Comparison of epidemiology, treatments, and outcomes in pediatric versus adult ependymoma

Neurooncol Adv. 2020 Feb 21;2(1):vdaa019. doi: 10.1093/noajnl/vdaa019. eCollection 2020 Jan-Dec.


Background: Mounting evidence supports the presence of heterogeneity in the presentation of ependymoma patients with respect to location, histopathology, and behavior between pediatric and adult patients. However, the influence of age on treatment outcomes in ependymoma remains obscure.

Methods: The SEER database years 1975-2016 were queried. Patients with a diagnosis of ependymoma were identified using the International Classification of Diseases for Oncology, Third Edition, coding system. Patients were classified into one of 4 age groups: children (age 0-12 years), adolescents (age 13-21 years), young adults (age 22-45 years), and older adults (age >45 years). The weighed multivariate analysis assessed the impact of age on survival outcomes following surgical treatment.

Results: There were a total of 6076 patients identified with ependymoma, of which 1111 (18%) were children, 529 (9%) were adolescents, 2039 (34%) were young adults, and 2397 (40%) were older adults. There were statistically significant differences between cohorts with respect to race (P < .001), anatomical location (P < .001), extent of resection (P < .001), radiation use (P < .001), tumor grade (P < .001), histological classification (P < .001), and all-cause mortality (P < .001). There was no significant difference between cohorts with respect to gender (P = .103). On multivariate logistic regression, factors associated with all-cause mortality rates included males (vs females), supratentorial location (vs spinal cord tumors), and radiation treatment (vs no radiation).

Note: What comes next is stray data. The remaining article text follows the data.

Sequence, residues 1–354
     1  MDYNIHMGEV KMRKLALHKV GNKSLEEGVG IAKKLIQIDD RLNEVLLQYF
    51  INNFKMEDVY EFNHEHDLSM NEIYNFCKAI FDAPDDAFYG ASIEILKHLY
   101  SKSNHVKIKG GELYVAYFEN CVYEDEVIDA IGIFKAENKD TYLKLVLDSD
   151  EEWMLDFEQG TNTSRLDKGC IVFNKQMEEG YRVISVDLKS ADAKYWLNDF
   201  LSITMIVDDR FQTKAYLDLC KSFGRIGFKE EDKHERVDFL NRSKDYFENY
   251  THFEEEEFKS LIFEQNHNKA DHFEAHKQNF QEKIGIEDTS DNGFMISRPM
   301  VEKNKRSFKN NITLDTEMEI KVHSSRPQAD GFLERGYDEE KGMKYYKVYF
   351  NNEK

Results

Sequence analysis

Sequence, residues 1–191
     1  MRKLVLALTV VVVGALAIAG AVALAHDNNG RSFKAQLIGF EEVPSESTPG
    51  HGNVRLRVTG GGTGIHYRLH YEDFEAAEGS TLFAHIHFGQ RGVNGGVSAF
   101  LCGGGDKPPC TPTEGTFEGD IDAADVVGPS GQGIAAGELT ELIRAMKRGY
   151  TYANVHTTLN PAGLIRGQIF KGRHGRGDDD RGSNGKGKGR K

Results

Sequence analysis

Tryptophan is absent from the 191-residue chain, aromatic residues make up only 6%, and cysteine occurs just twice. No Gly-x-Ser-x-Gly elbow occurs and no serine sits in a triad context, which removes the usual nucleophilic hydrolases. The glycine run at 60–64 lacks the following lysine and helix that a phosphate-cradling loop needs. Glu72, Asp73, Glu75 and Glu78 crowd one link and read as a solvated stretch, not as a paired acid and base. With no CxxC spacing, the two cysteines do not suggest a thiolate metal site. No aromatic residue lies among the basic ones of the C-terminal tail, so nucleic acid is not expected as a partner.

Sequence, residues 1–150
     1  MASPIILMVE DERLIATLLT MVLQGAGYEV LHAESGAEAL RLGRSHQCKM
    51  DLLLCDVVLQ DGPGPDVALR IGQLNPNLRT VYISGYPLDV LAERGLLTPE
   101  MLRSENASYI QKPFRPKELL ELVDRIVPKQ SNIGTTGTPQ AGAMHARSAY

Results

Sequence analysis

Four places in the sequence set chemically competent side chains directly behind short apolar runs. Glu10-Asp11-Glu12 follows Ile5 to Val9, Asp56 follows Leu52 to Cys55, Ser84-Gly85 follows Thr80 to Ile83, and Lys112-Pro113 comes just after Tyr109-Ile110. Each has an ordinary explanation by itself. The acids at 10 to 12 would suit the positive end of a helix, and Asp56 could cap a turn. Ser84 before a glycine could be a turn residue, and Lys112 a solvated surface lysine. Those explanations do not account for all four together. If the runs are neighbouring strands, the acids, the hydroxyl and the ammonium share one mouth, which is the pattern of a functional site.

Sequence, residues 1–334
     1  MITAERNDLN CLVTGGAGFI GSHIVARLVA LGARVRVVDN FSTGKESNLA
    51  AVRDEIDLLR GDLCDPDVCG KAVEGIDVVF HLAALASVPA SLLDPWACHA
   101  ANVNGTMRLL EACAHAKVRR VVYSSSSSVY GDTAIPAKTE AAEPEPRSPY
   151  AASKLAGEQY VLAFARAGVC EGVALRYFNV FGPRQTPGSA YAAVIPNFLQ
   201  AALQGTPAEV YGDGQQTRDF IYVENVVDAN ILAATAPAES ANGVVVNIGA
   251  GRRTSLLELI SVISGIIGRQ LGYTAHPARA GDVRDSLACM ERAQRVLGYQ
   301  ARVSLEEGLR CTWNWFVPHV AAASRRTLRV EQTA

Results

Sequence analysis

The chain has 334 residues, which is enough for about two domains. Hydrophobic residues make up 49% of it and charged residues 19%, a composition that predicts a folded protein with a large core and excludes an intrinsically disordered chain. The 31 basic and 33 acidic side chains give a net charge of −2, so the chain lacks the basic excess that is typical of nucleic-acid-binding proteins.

Conclusions: Our study using the SEER database demonstrates the various demographic and treatment risk factors that are associated with increased rates of all-cause mortality between the pediatric and adult populations following a diagnosis of ependymoma.

Keywords: SEER; adults; ependymoma; mortality; pediatrics.